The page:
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Fljótsdæla saga

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Fljótsdæla saga (listen) is one of the Icelandic sagas. It was probably the last one written, perhaps from the 1400s or 1500s. The text is known from several manuscripts which are from the early 1600s. It was probably written by an author in the east of Iceland and is a sequel to Hrafnkels saga. [1] [2]

The saga revolves around the lives and times of the residents of the Fljótsdalur region in Iceland, including Helge Åsbjørnsson (Helgi Ásbjarnarson) and of Grim (Grímr) and Helge (Helgi), two sons of the widow Droplaug, a pair of brothers who have their own saga, Droplaugarsona saga.[3] [4]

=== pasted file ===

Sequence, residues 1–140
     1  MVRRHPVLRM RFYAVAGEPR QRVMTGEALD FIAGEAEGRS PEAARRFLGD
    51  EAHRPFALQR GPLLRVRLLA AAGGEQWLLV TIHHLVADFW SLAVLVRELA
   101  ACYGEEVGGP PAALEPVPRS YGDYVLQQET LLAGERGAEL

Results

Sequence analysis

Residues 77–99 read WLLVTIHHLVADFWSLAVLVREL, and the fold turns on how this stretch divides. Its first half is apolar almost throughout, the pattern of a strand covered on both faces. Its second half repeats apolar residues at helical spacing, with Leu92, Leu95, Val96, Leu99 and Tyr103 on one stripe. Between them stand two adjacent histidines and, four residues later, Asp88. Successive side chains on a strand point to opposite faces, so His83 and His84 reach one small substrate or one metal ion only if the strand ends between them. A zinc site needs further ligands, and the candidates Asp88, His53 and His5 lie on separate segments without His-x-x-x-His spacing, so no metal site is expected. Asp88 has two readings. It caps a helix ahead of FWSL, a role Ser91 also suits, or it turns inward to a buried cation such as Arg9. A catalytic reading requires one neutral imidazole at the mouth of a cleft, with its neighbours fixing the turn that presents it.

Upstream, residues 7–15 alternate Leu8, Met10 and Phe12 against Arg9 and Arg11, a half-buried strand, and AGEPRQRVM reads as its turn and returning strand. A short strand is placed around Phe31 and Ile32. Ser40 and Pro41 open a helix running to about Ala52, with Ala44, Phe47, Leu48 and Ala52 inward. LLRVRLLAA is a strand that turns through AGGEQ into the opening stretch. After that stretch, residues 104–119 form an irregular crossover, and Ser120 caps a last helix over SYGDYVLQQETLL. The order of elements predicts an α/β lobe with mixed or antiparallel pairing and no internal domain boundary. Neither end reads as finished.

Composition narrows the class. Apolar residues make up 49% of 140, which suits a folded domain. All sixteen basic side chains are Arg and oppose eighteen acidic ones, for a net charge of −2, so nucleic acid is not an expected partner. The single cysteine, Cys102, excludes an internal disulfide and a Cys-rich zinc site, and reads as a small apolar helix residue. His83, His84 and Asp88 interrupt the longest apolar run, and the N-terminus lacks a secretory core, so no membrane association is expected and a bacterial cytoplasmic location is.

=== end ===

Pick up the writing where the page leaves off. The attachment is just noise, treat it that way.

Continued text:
• The Saga of the People of Fljotsdal. Translated by John Porter. In: Viðar Hreinsson (general editor): The Complete Sagas of Icelanders including 49 tales. (Reykjavík: Leifur Eiríksson Publishing, 1997. Vol. IV. pp. 379–433) ISBN 9979-9293-4-0.
  • "Saga of the People of Fljotsdal (excerpt)", pp. 73–86 in Waggoner, Ben (2010). Sagas of Giants and Heroes. New Haven, CT: Troth Publications. ISBN 978-0578059334.


  1. ^ "Fljótsdæla Saga". snerpa.is. Retrieved November 1, 2019.
  2. ^ translation by John Coles from the original Icelandic 'Hrafnkels saga freysgoða'. "The Story of Hrafnkell, Frey's Priestte= 1882". Icelandic Saga Database. Retrieved November 1, 2019.
  3. ^ Børge Nordbø. "Droplaugsønnenes saga". Store norske leksikon. Retrieved November 1, 2019.
  4. ^ Perkins, Richard. "Helgi Ásbjarnarson". Skaldic Poetry of the Scandinavian Middle Ages. Retrieved November 1, 2019.

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